•  14
    In a recent article in this journal, Alex Mullock, Elizabeth Chloe Romanis and Dunja Begović provide an analysis of gestational surrogacy and uterus transplantation (UTx) from the perspective of those who may decide to act as gestational surrogates and womb donors, referred to as ‘womb-givers’. In this article, I advance two sets of claims aimed at critically engaging with some aspects of their analysis. Firstly, I argue that the expression ‘womb-givers’ obscures the biologically, socially and p…Read more
  •  9
    Age-discriminated IVF Access and Evidence-based Ageism: Is There a Better Way?
    with James Rupert Fletcher
    Science, Technology, and Human Values 47 (5): 986-1010. 2022.
    Access to state-funded fertility treatments is age-restricted in many countries based on epidemiological evidence showing age-associated fertility decline and aimed at administering scarce resources. In this article, we consider whether age-related restrictions can be considered ageist and what this entails for a normative appraisal of access criteria. We use the UK as a case study due to the state-funded and centrally regulated nature of in vitro fertilization provision. We begin by reviewing c…Read more
  •  9
    Assisted gestative technologies, or on treating unlike cases alike
    Journal of Medical Ethics 48 (7): 452-453. 2022.
    In the paper Assisted Gestative Technologies, Elizabeth Chloe Romanis advocates for the creation of a new category, which includes technological interventions that allow ‘persons who want to reproduce, potentially using their own genetic material, but are unable, or potentially unwilling, to undertake gestation’.1 Romanis conceptualises these technologies as a unified kind, a ‘genus’, and argues that they ‘collectively raise distinct ethical, legal and social issues from those related to assiste…Read more
  •  28
    In a recent article in this journal, Kathryn MacKay advances a defence of ectogenesis that is grounded in this technology’s potential to end—or at least mitigate the effects of—gender-based oppression. MacKay raises important issues concerning the socialization of women as ‘mothers’, and the harms that this socialization causes. She also considers ectogenesis as an ethically preferable alternative to gestational surrogacy and uterine transplantation, one that is less harmful to women and less su…Read more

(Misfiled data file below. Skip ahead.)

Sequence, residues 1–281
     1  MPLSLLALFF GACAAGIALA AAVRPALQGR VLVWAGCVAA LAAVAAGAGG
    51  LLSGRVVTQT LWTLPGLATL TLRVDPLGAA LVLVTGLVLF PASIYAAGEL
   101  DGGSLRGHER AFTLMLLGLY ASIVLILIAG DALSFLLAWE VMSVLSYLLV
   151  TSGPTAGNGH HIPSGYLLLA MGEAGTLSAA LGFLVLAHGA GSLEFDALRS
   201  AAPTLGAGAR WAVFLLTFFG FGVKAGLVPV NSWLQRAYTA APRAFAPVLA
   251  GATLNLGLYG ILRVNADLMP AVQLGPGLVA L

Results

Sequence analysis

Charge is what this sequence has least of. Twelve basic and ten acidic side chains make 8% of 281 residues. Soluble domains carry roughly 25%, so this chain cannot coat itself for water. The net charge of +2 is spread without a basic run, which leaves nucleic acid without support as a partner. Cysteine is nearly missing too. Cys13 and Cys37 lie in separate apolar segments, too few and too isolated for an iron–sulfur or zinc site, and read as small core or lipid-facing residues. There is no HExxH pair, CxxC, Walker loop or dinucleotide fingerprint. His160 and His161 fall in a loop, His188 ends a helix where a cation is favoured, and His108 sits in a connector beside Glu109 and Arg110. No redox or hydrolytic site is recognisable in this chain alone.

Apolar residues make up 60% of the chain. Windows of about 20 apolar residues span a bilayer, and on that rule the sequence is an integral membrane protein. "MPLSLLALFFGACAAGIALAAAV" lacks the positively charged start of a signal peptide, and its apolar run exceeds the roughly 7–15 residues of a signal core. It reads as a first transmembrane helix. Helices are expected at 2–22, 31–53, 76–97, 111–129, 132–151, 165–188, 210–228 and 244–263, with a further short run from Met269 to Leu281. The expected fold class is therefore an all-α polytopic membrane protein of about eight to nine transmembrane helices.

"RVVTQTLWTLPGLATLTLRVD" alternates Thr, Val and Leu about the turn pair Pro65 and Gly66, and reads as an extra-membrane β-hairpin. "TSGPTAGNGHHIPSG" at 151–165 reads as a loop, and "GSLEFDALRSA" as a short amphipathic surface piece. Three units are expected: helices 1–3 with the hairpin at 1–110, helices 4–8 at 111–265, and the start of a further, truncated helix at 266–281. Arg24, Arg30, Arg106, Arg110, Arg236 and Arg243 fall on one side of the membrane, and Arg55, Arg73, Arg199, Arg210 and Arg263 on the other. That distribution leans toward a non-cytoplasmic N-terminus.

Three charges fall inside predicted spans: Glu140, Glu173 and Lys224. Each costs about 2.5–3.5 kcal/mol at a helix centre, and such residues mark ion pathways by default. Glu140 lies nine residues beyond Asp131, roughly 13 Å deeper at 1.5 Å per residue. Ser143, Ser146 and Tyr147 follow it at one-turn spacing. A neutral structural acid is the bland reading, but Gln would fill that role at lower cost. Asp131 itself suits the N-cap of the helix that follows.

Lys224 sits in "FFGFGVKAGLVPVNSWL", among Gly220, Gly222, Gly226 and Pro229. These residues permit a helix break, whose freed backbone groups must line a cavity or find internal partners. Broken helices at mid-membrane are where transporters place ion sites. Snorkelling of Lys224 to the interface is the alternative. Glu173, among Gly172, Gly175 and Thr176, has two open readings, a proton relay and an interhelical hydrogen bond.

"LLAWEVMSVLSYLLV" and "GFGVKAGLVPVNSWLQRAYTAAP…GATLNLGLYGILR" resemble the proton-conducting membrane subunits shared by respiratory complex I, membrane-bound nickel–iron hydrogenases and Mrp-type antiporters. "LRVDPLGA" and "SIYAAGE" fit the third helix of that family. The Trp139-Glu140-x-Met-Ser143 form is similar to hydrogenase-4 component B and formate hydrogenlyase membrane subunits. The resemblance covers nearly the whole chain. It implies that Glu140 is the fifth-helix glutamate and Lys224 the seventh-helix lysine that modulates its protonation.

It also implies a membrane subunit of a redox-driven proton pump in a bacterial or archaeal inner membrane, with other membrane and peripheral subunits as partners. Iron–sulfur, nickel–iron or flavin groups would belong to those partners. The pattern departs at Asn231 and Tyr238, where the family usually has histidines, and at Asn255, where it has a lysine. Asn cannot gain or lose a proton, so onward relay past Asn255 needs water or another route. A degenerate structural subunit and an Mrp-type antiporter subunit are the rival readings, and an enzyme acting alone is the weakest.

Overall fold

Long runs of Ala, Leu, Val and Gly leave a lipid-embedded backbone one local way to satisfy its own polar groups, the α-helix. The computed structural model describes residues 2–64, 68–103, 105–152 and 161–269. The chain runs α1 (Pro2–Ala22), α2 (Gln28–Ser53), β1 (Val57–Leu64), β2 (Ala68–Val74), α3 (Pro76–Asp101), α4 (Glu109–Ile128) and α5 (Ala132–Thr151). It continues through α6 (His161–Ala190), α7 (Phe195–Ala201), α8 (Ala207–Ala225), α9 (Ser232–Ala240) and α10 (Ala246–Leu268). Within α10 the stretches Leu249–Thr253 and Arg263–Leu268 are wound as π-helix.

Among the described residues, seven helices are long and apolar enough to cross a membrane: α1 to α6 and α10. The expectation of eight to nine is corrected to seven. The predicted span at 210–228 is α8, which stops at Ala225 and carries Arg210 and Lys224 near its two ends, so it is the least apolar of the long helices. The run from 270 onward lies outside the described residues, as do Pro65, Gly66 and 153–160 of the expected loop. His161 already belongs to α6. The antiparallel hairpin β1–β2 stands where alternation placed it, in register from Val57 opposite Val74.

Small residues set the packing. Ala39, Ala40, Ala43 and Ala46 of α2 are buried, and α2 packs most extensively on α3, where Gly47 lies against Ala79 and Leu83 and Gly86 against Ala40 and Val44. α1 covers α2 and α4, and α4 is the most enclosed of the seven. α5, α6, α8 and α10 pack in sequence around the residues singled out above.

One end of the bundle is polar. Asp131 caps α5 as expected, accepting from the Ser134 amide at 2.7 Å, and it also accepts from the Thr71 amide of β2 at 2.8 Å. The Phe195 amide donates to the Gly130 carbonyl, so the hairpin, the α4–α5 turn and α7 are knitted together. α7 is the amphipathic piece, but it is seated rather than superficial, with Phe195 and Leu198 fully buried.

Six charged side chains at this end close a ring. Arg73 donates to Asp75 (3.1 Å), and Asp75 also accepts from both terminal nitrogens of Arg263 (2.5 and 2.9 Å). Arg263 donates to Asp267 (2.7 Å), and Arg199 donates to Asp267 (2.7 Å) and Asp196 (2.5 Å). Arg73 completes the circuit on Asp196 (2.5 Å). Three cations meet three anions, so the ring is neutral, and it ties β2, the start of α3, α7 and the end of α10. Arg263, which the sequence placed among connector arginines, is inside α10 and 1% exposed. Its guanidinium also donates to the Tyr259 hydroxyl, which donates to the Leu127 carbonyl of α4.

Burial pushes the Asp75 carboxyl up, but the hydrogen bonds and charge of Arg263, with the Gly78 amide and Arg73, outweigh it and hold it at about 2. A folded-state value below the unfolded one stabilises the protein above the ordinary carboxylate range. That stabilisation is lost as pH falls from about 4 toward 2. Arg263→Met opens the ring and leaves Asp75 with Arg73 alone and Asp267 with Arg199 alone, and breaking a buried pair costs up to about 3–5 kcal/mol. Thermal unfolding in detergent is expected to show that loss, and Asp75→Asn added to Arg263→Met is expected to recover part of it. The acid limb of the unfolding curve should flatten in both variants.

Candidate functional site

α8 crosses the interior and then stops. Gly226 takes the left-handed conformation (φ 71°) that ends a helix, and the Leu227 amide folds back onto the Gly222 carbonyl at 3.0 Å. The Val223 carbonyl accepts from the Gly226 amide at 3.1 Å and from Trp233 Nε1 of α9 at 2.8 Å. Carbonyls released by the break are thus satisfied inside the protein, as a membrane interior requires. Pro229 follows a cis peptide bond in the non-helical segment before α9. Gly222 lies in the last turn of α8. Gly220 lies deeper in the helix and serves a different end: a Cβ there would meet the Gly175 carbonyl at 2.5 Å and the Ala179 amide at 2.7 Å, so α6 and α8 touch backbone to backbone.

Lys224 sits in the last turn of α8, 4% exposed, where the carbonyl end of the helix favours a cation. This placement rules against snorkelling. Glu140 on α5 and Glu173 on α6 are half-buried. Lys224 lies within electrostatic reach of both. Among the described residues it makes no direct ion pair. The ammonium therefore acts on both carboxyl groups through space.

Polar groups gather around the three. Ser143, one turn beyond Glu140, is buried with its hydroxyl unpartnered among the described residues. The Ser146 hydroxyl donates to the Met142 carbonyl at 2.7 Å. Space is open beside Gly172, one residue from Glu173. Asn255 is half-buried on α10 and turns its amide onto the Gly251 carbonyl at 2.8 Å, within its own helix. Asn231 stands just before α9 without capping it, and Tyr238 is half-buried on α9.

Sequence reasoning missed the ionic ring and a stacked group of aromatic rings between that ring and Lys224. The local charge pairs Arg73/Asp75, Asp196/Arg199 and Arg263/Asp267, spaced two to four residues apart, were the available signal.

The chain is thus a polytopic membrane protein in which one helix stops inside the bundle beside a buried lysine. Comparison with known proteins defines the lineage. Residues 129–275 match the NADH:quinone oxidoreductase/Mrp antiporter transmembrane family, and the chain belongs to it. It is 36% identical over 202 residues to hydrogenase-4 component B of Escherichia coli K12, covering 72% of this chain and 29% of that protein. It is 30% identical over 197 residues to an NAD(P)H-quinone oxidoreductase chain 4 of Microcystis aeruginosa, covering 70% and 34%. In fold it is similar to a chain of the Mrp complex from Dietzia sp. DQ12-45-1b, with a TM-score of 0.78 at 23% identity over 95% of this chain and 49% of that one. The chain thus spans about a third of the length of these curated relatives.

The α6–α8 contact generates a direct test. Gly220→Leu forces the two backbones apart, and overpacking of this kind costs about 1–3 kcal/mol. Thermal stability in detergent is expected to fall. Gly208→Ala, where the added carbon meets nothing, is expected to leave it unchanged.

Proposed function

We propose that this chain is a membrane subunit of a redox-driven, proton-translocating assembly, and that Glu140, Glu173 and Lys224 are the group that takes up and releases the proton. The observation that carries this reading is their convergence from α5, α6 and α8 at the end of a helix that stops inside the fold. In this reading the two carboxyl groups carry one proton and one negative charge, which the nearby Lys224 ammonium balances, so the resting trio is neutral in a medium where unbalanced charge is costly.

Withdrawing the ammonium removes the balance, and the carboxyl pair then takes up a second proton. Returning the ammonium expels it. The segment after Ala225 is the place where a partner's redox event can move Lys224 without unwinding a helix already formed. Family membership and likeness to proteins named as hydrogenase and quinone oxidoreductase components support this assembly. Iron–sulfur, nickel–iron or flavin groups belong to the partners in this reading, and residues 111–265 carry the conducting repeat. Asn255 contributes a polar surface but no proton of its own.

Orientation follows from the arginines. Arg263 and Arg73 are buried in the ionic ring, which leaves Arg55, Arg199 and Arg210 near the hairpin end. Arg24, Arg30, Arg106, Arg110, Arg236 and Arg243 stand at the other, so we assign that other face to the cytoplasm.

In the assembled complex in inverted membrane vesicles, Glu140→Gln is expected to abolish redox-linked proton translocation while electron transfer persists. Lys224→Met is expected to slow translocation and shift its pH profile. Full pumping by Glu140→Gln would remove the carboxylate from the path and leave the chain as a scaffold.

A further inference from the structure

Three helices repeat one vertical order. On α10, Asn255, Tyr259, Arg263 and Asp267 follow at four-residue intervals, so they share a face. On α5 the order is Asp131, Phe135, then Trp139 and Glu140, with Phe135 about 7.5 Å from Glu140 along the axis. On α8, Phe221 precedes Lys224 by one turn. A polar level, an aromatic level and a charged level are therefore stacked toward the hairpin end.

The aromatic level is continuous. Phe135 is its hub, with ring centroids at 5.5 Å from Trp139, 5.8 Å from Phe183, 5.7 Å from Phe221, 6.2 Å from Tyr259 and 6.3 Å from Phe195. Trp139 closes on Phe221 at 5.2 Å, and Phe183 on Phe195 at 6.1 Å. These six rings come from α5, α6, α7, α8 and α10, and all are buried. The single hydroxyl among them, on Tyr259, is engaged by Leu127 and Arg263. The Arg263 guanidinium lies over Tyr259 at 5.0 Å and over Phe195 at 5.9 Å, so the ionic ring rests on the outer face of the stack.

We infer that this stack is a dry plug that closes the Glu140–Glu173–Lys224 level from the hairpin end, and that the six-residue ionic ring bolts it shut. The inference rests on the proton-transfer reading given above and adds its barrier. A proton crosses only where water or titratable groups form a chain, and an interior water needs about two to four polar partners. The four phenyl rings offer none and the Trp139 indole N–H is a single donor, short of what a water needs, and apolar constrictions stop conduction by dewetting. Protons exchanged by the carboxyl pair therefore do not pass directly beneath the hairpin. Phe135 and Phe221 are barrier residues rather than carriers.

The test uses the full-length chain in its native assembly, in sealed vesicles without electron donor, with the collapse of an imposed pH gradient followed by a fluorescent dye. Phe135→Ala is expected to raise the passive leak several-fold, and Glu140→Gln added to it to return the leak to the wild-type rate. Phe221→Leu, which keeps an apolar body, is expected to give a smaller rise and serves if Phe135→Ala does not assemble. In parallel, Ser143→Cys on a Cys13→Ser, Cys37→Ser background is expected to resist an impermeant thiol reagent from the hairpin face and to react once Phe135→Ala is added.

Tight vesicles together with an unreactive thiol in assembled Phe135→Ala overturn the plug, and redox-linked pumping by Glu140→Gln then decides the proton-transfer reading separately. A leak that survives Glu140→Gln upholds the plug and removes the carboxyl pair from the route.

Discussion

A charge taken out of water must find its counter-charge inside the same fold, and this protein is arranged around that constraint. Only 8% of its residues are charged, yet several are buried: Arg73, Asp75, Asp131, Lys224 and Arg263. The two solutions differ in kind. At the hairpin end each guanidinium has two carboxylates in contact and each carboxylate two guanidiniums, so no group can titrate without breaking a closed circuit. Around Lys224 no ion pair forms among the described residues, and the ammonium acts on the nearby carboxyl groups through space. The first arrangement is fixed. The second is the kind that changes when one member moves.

• A Path Through the Morass
    In Matthias Braun, Hannah Schickl & Peter Dabrock (eds.), Between Moral Hazard and Legal Uncertainty: Ethical, Legal and Societal Challenges of Human Genome Editing, Springer Fachmedien Wiesbaden. pp. 203-225. 2018.
    In this chapter, I discuss the possibility of using genome editing technologies in the context of assisted reproduction. I present the most prominent arguments in favour of and against this use of genome editing technologies, and explore two strategies used in bioethics in the event of moral disagreement to analyse the questions at hand and to develop morally sound policies. These strategies are: the clarification of the facts regarding a new technology and the formulation of the best philosophi…Read more
  •  16
    Can bioethics be an honest way of making a living? A reflection on normativity, governance and expertise
    with Silvia Camporesi
    Journal of Medical Ethics 47 (3): 159-163. 2021.
    The authority of bioethics as a field of inquiry and of bioethicists as scholars with a distinctive expertise is being questioned on various fronts. Sarah Franklin’s 2019 Nature commentary ‘Ethical research – the long and bumpy road from shirked to shared’ is the latest example. In this paper, we respond to these challenges by focusing on two key issues. First, we discuss the theory and practice of bioethics. We argue that both of these endeavours are fundamental components of this field of inqu…Read more
  •  12
    Let me begin by thanking the Journal of Medical Ethics editors and the four commentators for taking time to read, reflect and offer thoughtful comments on my paper. The issues they raise warrant careful attention. Regrettably, I am only able to address some of their key concerns due to space constraints. In my paper, ‘Gestation, Equality and Freedom: Ectogenesis as a Political Perspective’, I outline two sets of critiques of liberal defences of ectogenesis and contend that these defences are lim…Read more
  •  33
    Gestation, equality and freedom: ectogenesis as a political perspective
    Journal of Medical Ethics 46 (2): 76-82. 2020.
    The benefits of full ectogenesis, that is, the gestation of human fetuses outside the maternal womb, for women ground many contemporary authors’ arguments on the ethical desirability of this practice. In this paper, I present and assess two sets of arguments advanced in favour of ectogenesis: arguments stressing ectogenesis’ equality-promoting potential and arguments stressing its freedom-promoting potential. I argue that although successfully grounding a positive case for ectogenesis, these arg…Read more
  •  27
    The problem with reproductive freedom. Procreation beyond procreators’ interests